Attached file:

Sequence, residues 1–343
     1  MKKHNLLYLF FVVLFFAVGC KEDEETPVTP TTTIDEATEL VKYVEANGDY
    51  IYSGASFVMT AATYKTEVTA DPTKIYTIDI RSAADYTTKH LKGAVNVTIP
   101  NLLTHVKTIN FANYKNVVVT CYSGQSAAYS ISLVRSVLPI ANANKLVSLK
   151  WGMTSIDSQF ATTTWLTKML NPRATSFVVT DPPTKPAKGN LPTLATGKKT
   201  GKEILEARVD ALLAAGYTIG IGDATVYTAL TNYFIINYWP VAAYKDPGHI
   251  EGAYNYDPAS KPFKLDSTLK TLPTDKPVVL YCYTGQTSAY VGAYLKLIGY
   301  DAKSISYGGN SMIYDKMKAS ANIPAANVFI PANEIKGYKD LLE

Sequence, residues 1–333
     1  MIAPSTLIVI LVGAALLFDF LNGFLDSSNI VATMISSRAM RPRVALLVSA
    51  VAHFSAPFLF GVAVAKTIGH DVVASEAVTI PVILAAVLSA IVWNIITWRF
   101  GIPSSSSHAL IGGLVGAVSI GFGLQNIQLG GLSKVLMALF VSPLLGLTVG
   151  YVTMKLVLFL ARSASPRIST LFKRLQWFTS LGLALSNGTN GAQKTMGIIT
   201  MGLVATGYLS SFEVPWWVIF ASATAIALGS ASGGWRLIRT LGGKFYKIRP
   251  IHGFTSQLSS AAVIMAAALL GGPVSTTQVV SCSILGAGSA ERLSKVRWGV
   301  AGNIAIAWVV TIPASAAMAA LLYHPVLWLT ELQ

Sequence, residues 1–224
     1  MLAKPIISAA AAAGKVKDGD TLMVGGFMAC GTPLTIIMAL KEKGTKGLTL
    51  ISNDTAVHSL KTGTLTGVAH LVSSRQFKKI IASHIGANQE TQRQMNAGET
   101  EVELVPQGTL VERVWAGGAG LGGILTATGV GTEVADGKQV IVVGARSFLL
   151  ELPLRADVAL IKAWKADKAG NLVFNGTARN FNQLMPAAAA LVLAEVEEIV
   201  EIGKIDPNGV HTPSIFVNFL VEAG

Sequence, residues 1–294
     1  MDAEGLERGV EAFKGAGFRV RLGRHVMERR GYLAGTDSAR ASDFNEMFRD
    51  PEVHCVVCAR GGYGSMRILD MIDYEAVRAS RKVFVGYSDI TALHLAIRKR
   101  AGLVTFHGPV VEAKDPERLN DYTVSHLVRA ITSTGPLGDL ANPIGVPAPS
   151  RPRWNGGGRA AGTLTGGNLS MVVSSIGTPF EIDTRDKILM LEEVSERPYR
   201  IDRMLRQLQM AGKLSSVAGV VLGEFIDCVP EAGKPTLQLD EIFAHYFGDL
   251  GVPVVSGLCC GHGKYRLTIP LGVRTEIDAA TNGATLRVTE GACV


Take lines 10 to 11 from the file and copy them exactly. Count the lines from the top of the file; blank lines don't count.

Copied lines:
     1  MIAPSTLIVI LVGAALLFDF LNGFLDSSNI VATMISSRAM RPRVALLVSA
    51  VAHFSAPFLF GVAVAKTIGH DVVASEAVTI PVILAAVLSA IVWNIITWRF